Day 4 of Shelter and Stage with KLH - Today's Focus: Living Rooms
Welcome back! #ShelterandStagewithKLH
Let’s talk about one of the more important rooms in your home: the living room.
Your living room is most likely located very close to the main entrance of your home. Therefore, it will be one of the first rooms potential buyers see… So, stage it we must!
Also, statistics don’t lie! Staging the living room was found to be most important for buyers (47%), followed by staging the master bedroom (42%), and staging the kitchen (35%) (2019 Profile of Home Staging by the National Association of REALTORS Research Group).
There are really three rules when staging the living room.
The first rule is declutter.
You are selling the space… So, create space! Take a look at the entire room and note which furniture pieces are essential versus nonessential. Also note the number of items there are in the room. Consider removing all personal photos and art, extra plants, knickknacks and “collections” of items – such as piles of mail, magazines, paper, etc. We also tend to keep our hobbies in the living room… So store away your records, guitar, basket of sewing or knitting materials, adult coloring, etc.
Take a look at both of the “before” photos pictured above. You’ll notice there are a lot of personal art pieces on the wall and every surface – including the floors and the corners of the room – are covered. There is too much clutter. This is why we start by decluttering… Start with the “smalls,” then we’ll worry about the “bigs.”
The second rule is furniture placement.
The idea is to create a conversation around a focal point. Start by deciding what that focal point is… Is it the location of the television? A fireplace? Use an appropriately sized area rug to define the space. (The recommended rug size for a 5’x7’ room is a 3’x5’ rug; a 7’x10’ room is a 5’x8’ rug; a 10’x12’ room is a 8’x10’ rug; a 11’x14’ room is a 9’x12’ rug; a 14’x17’ room is a 12’x15’ rug.) When placing furniture, make sure traffic flows easily around all the pieces. You shouldn’t have to shimmy or tiptoe to move around your living room.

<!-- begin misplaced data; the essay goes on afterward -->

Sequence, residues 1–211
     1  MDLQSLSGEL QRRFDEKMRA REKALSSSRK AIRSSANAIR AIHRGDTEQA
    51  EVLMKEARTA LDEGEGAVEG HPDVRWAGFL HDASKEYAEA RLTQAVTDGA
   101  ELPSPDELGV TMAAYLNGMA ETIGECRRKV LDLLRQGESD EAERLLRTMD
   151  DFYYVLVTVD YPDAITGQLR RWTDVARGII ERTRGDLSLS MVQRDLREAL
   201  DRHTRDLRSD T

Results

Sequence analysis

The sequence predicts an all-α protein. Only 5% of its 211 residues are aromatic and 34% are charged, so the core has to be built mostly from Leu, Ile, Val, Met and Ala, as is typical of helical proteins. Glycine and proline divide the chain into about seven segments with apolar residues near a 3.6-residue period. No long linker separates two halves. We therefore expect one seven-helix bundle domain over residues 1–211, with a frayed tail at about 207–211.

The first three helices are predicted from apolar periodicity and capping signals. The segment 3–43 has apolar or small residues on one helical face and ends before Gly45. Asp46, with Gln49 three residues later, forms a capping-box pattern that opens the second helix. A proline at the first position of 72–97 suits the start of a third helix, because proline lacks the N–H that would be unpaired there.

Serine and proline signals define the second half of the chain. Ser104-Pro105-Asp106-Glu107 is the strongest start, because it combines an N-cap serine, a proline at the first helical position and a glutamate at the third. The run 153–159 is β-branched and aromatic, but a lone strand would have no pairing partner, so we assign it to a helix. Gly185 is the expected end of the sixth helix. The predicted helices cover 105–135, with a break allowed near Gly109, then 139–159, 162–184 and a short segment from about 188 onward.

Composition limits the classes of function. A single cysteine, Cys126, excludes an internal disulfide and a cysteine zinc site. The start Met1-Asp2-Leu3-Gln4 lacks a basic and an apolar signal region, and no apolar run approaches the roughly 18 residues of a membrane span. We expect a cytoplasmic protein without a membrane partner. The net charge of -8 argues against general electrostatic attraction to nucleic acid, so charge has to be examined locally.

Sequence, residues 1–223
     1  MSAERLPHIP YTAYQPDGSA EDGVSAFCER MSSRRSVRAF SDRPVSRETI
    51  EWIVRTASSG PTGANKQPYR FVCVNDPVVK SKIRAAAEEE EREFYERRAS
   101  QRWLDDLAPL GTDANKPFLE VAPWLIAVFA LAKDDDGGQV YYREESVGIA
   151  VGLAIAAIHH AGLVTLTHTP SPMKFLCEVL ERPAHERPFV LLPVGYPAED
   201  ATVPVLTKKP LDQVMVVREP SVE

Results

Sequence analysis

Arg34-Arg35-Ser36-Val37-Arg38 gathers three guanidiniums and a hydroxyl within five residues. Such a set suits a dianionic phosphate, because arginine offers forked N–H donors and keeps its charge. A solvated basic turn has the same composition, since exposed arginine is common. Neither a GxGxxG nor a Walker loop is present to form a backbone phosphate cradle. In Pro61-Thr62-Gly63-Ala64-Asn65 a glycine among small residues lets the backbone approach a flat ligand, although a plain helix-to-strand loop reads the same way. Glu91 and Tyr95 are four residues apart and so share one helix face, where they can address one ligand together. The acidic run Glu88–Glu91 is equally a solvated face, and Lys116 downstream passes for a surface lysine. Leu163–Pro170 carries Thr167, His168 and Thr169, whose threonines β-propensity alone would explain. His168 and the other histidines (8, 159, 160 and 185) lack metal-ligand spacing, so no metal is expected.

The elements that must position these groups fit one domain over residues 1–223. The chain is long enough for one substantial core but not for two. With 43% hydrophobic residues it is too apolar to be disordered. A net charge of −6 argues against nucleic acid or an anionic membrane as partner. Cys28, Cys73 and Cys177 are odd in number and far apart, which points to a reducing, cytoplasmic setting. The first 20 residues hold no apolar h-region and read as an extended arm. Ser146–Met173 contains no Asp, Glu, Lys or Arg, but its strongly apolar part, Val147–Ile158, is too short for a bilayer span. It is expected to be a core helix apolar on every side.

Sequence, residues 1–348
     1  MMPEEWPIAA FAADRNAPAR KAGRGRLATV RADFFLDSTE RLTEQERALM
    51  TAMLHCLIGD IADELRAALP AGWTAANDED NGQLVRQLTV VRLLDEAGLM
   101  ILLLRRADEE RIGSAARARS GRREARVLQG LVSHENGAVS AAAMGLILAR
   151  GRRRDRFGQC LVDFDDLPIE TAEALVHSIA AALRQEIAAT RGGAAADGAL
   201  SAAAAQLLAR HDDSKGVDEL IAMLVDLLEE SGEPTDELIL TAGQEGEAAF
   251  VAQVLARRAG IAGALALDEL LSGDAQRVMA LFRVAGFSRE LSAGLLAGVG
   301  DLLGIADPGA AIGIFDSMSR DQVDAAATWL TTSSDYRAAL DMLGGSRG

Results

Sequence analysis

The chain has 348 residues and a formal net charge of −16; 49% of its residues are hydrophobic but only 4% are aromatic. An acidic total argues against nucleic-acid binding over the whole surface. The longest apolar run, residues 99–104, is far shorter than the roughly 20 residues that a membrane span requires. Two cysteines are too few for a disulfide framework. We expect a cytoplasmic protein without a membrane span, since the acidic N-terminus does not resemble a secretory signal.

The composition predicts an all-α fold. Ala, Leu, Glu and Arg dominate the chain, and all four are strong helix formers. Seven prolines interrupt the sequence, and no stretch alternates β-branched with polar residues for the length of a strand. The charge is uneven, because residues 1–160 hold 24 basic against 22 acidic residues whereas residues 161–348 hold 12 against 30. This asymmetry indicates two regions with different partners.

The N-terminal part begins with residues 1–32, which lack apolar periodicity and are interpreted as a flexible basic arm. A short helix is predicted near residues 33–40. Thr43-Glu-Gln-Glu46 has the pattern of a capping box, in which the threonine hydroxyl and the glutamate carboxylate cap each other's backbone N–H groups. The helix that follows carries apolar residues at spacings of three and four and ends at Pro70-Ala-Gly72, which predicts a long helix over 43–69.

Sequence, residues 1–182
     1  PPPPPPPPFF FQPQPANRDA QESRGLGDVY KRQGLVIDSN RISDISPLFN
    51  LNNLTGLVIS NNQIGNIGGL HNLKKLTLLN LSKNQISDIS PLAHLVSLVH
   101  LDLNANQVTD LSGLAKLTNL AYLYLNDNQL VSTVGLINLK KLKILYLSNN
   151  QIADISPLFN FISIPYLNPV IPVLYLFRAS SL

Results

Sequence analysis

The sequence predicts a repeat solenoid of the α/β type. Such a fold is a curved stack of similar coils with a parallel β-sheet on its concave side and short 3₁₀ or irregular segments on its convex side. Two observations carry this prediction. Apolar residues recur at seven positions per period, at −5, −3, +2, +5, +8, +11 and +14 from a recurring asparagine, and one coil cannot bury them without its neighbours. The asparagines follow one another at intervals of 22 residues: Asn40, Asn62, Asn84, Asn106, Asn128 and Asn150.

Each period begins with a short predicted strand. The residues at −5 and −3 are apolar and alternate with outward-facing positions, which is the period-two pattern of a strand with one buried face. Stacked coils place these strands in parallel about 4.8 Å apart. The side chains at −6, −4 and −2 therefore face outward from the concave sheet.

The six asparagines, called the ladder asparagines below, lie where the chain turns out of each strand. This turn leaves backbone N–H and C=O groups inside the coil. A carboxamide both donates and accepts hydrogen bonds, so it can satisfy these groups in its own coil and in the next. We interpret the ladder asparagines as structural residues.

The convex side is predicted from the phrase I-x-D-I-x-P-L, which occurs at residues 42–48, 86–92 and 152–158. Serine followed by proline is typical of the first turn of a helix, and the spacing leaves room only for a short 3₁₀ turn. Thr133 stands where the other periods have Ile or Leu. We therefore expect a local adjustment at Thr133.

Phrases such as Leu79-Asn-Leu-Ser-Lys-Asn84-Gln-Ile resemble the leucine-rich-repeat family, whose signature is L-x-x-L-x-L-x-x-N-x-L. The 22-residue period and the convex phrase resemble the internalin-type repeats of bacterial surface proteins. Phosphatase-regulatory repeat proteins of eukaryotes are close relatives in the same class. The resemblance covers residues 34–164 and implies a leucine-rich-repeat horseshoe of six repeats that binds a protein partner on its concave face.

Note that the focal point in both of these living rooms is the fireplace. The furniture is placed so that everyone seated can have a conversation with each other, while still view of the focal point.
The third rule is to bring on the light.
Most people do not have enough lighting in their living room… So, open the curtains, pull up the shades and allow the natural light to flow in. It will made a big difference. If you do not have an overhead light or recess lighting, consider bringing in a standing lamp, or if space allows, two matching table lamps on matching side tables on either end of your sofa.
Note in the before photo one of the light bulbs was out. (Always make sure all the bulbs are working – and matching – especially with recess lighting!) The dark valances were removed, two matching side tables with matching lamps were introduced and a mirror was hung to make the room appear larger and reflect more natural light.
Let’s talk about two very common problem…
Common Problem #1: The big, bulky, dark couch.
Does your living room have dark, oversized, worn-out furniture pieces?
Consider replacing them with lighter pieces... Lighter in color and weight. Furniture pieces that sit on legs tend to make a space feel larger since you can see the floor beneath them.
Buyers only take in what they see and rarely envision what could be... If they see bulky furniture that barely fits in a space, they will assume all furniture pieces won’t fit.
If they see worn-out furniture in your rooms, they will conclude that your home is neglected and assume that other areas are also neglected.
Common Problem #2: The kiddos are taking over the living room.
Staging your home with small children is not impossible. (Although, it may feel that way… Especially these days!)
Again, one of the rules of staging is to revert every room back to its original purpose. So, the living room needs to show as a living room, not a playroom, school or home office.
While it’s okay to showcase your house as a family home, it’s important to make sure toys are not scattered throughout every room.
The best approach is to scale back on the number of toys in the living room; relocate them to your child’s bedroom or a formal playroom. Consider packing up and storing toys that your children rarely play with and leaving them with their favorite or go-to activities. Make them part of the picking and sorting process! (Remind them they’re not saying goodbye to their toys forever!)
Want one-on-one assistance?
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Project Manager, Home Stager
KLH Home Staging